I watched as my son walked over to check-in. He told the coach his name and stood near the netting, waiting for his turn. The other kids continued to chat and joke while my son stood alone. He tried to join a joke at one point, but it landed flat. I’m not sure he noticed, but it was all I could see.

We’ve noticed the drift between my son and his peers growing wider. At school, it’s less apparent because he’s surrounded by other children with similar intellectual, emotional, and social challenges. But in situations outside that bubble, there’s a spotlight on those differences.

When it was his turn to step onto the field, I gave him a smile and a thumbs-up.

Even during the brief warmup, I could see how tense he was. His feet weren’t moving, and it looked like he was doing the drills he does with the off-season coach we hired rather than casually warming up with the other children. After every throw, he’d look our way…I’m not sure if it was for approval or comfort. But it was making me anxious with worry, so I continued to smile and overexaggerated a deep breath that I hoped would encourage him to relax.

His fielding started off slowly, and his throws were off. A few went wide, while others bounced short but were on target and made it to the coach’s glove. Still, he stuck with it, resetting himself after every throw to receive the next ball.

After fielding, he grabbed his helmet and bat and stepped into the cage. The balls were faster than he had seen in a while, but he made contact with a few and then started to struggle. I heard the coach who operated the machine encourage him and, after he made contact with one, told him that was a good swing to end on.

When he stepped off the field, I could he see the disappointment on his face.

“I didn’t do as well as I could have,” he said with his head down.

My heart sank. The conversation with his coach last year about the skill bar getting higher every year came back to me. We had no aspirations of our son being a professional player. Still, baseball was one sport he’s been able to play all through his health struggles, partly because of the nature of the game itself but also because we’ve been very lucky with the coaches we’ve had that supported him and made him feel part of the team. Compared to where we had been with his challenges, every catch, every hit, and every smile was one we never thought we’d see. The idea that we’re close to losing that was hard to process. I did my best to keep those thoughts from appearing on my face.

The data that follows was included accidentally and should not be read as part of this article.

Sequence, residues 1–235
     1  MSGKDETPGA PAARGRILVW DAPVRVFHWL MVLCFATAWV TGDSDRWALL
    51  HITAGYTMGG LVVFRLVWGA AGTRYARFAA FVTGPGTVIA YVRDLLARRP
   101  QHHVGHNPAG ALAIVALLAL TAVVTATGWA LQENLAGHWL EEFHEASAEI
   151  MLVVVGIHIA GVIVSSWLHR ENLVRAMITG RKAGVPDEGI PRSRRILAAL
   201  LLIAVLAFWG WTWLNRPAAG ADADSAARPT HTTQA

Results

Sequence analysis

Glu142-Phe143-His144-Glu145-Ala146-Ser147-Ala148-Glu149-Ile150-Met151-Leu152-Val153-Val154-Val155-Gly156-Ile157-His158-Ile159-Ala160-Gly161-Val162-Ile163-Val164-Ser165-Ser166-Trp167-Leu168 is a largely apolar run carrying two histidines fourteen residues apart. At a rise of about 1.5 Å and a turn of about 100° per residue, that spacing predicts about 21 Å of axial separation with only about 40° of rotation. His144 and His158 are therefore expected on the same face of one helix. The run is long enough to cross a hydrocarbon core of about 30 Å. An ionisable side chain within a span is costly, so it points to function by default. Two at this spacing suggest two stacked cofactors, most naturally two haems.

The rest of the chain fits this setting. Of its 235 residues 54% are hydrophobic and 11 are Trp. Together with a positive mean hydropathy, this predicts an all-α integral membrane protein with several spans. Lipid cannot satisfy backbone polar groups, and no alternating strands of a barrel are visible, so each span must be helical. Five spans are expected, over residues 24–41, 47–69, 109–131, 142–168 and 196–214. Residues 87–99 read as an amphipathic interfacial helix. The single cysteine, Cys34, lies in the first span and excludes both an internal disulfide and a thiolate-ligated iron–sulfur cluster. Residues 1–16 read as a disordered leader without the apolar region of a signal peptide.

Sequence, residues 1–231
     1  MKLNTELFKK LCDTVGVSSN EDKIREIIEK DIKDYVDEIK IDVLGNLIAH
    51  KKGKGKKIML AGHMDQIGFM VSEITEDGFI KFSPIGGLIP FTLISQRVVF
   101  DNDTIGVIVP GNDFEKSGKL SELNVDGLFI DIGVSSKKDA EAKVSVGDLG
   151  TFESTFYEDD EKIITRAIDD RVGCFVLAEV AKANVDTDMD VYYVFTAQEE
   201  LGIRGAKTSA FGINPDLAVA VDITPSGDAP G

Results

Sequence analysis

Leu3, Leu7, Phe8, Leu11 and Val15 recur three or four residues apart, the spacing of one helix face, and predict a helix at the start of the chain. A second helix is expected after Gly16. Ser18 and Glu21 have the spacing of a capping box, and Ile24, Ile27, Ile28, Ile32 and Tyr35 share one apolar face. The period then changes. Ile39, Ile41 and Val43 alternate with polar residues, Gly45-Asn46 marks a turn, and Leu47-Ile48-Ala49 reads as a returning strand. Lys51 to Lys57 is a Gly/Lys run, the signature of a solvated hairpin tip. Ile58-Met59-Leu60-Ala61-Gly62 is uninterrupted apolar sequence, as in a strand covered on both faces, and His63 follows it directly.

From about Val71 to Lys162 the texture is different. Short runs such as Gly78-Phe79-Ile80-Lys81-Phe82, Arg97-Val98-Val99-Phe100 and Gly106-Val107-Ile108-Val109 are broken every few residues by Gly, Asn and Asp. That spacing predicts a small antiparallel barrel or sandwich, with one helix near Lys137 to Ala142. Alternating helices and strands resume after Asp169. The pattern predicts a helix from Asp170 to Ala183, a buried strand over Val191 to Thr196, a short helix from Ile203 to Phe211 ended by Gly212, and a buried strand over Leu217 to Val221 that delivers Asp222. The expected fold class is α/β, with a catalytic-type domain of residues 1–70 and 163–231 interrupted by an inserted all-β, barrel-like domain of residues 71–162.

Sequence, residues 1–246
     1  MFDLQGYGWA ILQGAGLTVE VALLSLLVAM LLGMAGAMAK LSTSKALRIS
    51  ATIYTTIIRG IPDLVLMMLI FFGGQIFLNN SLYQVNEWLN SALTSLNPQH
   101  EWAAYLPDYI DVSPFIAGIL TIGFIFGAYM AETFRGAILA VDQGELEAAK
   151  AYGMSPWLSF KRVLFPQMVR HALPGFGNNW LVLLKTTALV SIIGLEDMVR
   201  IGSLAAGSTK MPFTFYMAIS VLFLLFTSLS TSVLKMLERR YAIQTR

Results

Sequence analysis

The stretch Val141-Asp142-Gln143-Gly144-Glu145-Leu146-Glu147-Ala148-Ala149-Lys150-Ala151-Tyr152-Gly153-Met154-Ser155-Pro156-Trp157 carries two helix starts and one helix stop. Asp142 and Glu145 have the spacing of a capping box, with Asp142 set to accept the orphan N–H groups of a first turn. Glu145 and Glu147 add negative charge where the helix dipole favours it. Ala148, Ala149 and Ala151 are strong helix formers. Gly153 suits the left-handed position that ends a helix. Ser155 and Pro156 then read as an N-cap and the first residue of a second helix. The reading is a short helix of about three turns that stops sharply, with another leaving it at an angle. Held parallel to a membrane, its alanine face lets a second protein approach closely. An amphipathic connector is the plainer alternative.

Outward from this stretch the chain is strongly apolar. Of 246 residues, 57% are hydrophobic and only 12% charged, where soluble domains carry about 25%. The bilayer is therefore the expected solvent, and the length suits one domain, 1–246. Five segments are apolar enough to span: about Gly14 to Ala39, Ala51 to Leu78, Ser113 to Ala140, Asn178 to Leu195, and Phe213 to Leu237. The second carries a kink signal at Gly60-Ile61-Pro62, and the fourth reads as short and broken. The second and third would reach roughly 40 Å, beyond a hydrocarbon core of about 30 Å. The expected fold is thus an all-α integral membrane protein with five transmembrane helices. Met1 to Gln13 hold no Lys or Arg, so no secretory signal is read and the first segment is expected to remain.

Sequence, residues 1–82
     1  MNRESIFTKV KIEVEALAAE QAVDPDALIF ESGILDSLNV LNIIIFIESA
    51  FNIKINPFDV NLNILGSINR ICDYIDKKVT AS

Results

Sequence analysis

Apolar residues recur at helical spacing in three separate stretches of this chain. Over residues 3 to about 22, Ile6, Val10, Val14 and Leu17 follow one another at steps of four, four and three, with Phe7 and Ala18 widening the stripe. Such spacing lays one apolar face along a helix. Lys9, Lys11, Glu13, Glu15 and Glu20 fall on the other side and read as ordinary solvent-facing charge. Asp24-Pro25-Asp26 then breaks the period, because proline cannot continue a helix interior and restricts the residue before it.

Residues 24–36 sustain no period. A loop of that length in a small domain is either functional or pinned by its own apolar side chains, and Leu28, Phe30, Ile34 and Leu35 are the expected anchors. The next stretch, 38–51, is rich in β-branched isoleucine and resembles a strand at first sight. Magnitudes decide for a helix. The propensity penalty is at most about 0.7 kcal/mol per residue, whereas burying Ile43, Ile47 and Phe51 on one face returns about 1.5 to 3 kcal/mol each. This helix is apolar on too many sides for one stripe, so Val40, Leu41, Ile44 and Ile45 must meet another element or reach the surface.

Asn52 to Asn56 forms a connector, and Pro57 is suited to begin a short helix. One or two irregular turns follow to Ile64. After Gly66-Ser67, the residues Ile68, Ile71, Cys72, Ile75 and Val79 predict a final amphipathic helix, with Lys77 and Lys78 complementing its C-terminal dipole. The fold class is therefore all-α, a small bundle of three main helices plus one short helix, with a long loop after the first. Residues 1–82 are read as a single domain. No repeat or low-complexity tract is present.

We spent the short car ride home trying to understand his feelings, which is often difficult. My son doesn’t always know or have the words, which occasionally leads to him agreeing with whatever feelings we ask about, so we’re never quite sure if they are his feelings or our projections.

By the next morning, he was feeling a little better. I don’t know if it was because of our talk or because he forgot how it made him feel. Either way, I was grateful.

I felt a little better, too. It’s easy to get stuck on what he can’t do or what is taken away. The losses seem so much bigger than the gains, even though there are many more gains than losses. That he was able to play baseball at all was such a gift, one that we enjoyed for many years. If and when the time comes when he isn’t able to do it, either because he can’t keep up or because he doesn’t enjoy it, we’ll try to be grateful for what we had and find that next thing that brings him joy.

A few days after the evaluations, we’re not there yet. My son seems ready for the season. We’ll keep our fingers crossed for another kind coach and supportive team and look forward to the experience ahead.